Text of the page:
Strayed writes the popular advice column "Dear Sugar" on The Rumpus.[10] She began writing the column in March 2010, when the column's originator Steve Almond asked her to take over for him.[11] She wrote the column anonymously until February 14, 2012, when she revealed her identity as "Sugar" at a "Coming Out Party" hosted by the Rumpus at the Verdi Club in San Francisco.[10][12][13] A selection of her columns have been collected in her book Tiny Beautiful Things.

Her memoir Wild: From Lost to Found on the Pacific Crest Trail details her 1,100-mile hike on the Pacific Crest Trail from the Mojave Desert to the Oregon-Washington border and tells the story of the personal struggles that compelled her to take the hike.[14] Three months before her memoir was published, actress Reese Witherspoon optioned it for her company, Pacific Standard.[12][15] Nick Hornby adapted Wild for the screen, with Witherspoon portraying Strayed in the film.[16]

In June 2012, Wild was chosen as the inaugural selection for Oprah's Book Club 2.0, which is a relaunch of Oprah's Book Club, which ended in 2011. Oprah's Book Club 2.0 uses online social media such as Facebook and Twitter. Winfrey discussed Wild in her video announcement of the new club. Winfrey interviewed Strayed for a two-hour broadcast of her show Super Soul Sunday on her OWN Network.[17]

Strayed delivered the Provost's Lecture at Oregon State University in January 2015. [18]

Strayed co-hosts the Dear Sugar podcast with Steve Almond. The podcast is produced by WBUR, Boston's National Public Radio affiliate.[19]

Film adaptation of Wild[edit]

Main article: Wild (film)

The film adaptation of Wild was released on December 3, 2014 in the United States with actress Reese Witherspoon starring as Strayed. The film was directed by Jean-Marc Vallée and distributed by Fox Searchlight Pictures. Witherspoon optioned Wild for film with producer Bruna Papandrea for their production company, Pacific Standard, a few months before Wild was published. The book was adapted for the screen by Nick Hornby. In October 2013, the film went into production with Witherspoon in the lead. The cast includes Laura Dern (as Strayed's mother, Bobbi), Gaby Hoffmann, Thomas Sadoski, Michiel Huisman, and Kevin Rankin among others.

Personal life[edit]

Strayed married Marco Littig on August 20, 1988.[20] They were married for six years.[21]

In 1999, Strayed married filmmaker Brian Lindstrom. They have two children and live in Portland, Oregon.[22] Her daughter, Bobbi Strayed Lindstrom, played the younger version of Strayed in the film adaptation of Wild.[23]

A long-time feminist activist, Strayed served on the first board of directors for Vida: Women in Literary Arts.[8]

Published works[edit]


  1. ^ a b "Pushed Into Munro Country | TMR Blog". Retrieved 2012-12-28.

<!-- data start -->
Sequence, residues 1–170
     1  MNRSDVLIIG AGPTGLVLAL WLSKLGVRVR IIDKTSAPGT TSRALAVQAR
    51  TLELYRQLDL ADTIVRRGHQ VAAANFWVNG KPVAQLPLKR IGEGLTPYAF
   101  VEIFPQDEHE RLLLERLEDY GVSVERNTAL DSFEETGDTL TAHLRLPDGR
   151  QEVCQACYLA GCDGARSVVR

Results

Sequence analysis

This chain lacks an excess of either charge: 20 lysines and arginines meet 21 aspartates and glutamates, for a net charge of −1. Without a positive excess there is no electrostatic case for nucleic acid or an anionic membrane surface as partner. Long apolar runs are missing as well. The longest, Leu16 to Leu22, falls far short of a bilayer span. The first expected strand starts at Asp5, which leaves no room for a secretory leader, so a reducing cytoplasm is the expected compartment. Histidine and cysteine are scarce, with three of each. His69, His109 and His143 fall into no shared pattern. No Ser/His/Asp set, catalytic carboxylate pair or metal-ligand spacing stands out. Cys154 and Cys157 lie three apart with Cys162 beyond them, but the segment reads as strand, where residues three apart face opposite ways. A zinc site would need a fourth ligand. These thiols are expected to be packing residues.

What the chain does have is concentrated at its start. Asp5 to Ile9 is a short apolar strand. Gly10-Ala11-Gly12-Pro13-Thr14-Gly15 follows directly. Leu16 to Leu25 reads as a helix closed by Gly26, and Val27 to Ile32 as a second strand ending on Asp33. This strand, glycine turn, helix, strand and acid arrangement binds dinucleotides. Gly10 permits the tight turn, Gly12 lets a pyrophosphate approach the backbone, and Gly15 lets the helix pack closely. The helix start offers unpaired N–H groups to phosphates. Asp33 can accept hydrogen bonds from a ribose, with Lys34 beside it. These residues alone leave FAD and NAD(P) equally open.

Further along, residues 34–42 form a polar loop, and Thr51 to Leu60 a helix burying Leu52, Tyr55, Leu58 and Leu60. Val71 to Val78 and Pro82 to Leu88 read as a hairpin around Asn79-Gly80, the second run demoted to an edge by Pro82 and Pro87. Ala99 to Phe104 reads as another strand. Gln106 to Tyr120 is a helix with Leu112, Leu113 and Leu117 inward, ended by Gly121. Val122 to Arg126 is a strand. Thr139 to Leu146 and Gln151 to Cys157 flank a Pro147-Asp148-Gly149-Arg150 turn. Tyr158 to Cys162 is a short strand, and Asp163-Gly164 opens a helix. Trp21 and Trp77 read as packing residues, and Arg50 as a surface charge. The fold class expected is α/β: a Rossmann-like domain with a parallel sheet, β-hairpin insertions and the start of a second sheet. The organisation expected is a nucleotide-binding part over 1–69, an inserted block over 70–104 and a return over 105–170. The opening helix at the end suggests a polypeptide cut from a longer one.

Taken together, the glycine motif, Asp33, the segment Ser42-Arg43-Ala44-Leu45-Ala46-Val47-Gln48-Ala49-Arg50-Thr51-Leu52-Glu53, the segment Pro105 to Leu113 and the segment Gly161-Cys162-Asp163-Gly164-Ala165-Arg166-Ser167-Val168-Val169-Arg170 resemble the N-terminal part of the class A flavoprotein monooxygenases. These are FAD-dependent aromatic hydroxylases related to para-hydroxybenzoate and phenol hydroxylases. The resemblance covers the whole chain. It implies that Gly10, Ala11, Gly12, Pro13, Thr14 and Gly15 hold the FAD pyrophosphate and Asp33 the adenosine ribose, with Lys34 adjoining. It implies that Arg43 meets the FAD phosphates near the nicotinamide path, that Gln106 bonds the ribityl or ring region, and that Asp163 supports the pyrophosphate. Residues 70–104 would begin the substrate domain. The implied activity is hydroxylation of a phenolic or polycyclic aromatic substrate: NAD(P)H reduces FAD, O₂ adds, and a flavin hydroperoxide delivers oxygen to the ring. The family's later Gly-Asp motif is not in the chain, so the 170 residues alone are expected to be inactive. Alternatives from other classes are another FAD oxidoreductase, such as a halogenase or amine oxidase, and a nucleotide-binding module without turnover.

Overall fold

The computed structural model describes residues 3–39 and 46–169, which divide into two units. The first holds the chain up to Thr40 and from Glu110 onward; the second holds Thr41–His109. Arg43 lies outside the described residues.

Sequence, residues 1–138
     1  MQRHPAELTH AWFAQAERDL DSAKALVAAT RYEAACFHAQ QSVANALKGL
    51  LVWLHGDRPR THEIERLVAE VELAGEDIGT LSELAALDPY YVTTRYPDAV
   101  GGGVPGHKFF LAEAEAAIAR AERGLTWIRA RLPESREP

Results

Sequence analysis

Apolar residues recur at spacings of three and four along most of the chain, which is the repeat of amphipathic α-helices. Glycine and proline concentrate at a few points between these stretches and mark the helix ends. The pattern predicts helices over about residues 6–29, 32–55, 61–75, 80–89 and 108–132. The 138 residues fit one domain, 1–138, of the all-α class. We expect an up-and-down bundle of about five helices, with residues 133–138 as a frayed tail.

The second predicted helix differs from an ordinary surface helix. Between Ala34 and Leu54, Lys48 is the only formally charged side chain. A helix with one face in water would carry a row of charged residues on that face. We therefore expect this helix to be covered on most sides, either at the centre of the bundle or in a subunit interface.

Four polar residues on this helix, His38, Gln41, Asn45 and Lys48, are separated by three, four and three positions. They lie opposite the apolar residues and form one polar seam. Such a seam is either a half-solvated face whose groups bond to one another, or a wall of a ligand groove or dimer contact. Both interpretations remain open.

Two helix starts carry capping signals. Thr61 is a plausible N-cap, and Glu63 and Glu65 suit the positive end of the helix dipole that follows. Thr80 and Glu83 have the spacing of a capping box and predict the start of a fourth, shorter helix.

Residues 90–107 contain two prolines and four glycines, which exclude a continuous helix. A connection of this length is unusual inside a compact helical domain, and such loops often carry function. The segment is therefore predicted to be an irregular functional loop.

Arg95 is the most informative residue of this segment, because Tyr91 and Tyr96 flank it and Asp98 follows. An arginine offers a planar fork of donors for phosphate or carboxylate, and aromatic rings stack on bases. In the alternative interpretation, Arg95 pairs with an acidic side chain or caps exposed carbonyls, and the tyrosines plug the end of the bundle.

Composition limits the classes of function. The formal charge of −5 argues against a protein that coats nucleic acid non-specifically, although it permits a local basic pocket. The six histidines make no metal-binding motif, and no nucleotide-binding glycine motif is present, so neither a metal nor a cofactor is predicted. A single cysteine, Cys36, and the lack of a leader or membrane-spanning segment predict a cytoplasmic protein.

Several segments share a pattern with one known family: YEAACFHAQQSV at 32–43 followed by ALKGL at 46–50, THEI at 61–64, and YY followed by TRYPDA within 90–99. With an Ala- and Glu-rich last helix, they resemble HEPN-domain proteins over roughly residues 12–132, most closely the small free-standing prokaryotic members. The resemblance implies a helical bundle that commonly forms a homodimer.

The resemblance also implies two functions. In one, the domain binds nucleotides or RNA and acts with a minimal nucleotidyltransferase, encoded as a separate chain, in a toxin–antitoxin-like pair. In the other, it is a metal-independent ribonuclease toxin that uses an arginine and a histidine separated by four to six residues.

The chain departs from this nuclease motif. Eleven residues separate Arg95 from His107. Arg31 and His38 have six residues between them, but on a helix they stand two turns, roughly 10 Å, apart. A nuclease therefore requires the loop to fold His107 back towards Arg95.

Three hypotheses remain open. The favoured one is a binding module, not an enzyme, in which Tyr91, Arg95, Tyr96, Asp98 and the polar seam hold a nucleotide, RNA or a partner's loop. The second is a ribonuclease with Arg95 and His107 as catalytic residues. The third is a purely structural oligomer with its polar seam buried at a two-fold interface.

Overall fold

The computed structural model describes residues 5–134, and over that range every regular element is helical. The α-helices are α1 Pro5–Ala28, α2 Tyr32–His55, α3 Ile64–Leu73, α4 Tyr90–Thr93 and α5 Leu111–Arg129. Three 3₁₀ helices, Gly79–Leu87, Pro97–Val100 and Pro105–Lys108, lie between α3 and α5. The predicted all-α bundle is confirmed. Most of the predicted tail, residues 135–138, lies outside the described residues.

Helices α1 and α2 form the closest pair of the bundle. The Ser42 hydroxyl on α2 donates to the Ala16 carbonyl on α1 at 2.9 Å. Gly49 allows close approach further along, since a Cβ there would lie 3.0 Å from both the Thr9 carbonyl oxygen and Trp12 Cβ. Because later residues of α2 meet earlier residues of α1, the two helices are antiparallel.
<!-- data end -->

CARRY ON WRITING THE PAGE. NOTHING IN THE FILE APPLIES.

2. ^ Taylor, Ihsan (July 15, 2012). "Best Sellers – The New York Times". The New York Times. Retrieved 2012-12-24. 
  3. ^ "Mother, Brace Yourself". 2009-05-27. Retrieved 2012-12-24. 
  4. ^ "Top Ten Northwest". The Oregonian. Dec 31, 2006. p. O12. 
  5. ^ accessed 8/10/14
  6. ^ Kirch, Clare (Jan 9, 2012). "Girl gone wild: Cheryl Strayed". Publishers Weekly 259 (2). 
  7. ^ a b "Cheryl Strayed." Contemporary Authors Online. Detroit: Gale, 2013.
  8. ^ a b "Board of Directors". Vida: Women in Literary Arts. Retrieved Jan 26, 2013. 
  9. ^ Jeff Baker, The Oregonian. "Portland writer Cheryl Strayed wins Pushcart Prize". Retrieved 2012-12-24. 
  10. ^ a b Errico, Sally. "Dear Sugar’s True Identity". The New Yorker. Retrieved 2012-12-24. 
  11. ^ Almond, Steve (2012). "Introduction". Tiny beautiful things : advice on love and life from Dear Sugar. New York: Vintage Books. p. 4. ISBN 9780307949332. 
  12. ^ a b Benjamin Brink/The Oregonian. "Portland writer Cheryl Strayed reveals she is popular advice columnist 'Dear Sugar'". Retrieved 2012-12-24. 
  13. ^ "Cheryl Strayed Is Sugar!(!!!)". The Retrieved 2012-12-24. 
  14. ^ "Wild by Cheryl Strayed – Cheryl Strayed Interview". Retrieved 2012-12-24. 
  15. ^ Hallett, Alison (2012-03-15). "Cheryl Strayed's Wild Optioned by Reese Witherspoon | Blogtown, PDX". Retrieved 2012-12-24. 
  16. ^ Andrew Pulver (Nov 30, 2012). "Nick Hornby to go Wild for new Reese Witherspoon film". Retrieved Jan 26, 2013. 
  17. ^ "Oprah Announces Oprah's Book Club 2.0 – Video". 2012-05-30. Retrieved 2012-12-24. 
  18. ^ "Wild Author Cheryl Strayed Draws Overflow Crowd at OSU". Corvallis Gazette-Times. January 15, 2015. Retrieved 2015-09-28. 
  19. ^ Gachman, Dina (December 16, 2014). "A 'Dear Sugar' Podcast Is Here, Which is Evidence That Cheryl Strayed Has Read All of Our Holiday Wishlists". Bustle. Retrieved 1 July 2015. 
  20. ^ "Wild Movie True Story – Real Cheryl Strayed vs. Reese Witherspoon". Retrieved 2015-01-08. 
  21. ^ David Erickson (2014-12-04). "Missoula man's history tied to upcoming Hollywood motion picture". Missoulian. Retrieved 2015-01-08. 
  22. ^ Cheryl Strayed. "The Love Of My Life". The Sun Magazine. Retrieved 2012-12-24. 
  23. ^ Allegra Tepper. "‘Wild’ Not Just for Women, Says Laura Dern and Approved by Bruce Dern – Variety". Variety. Retrieved 28 September 2015.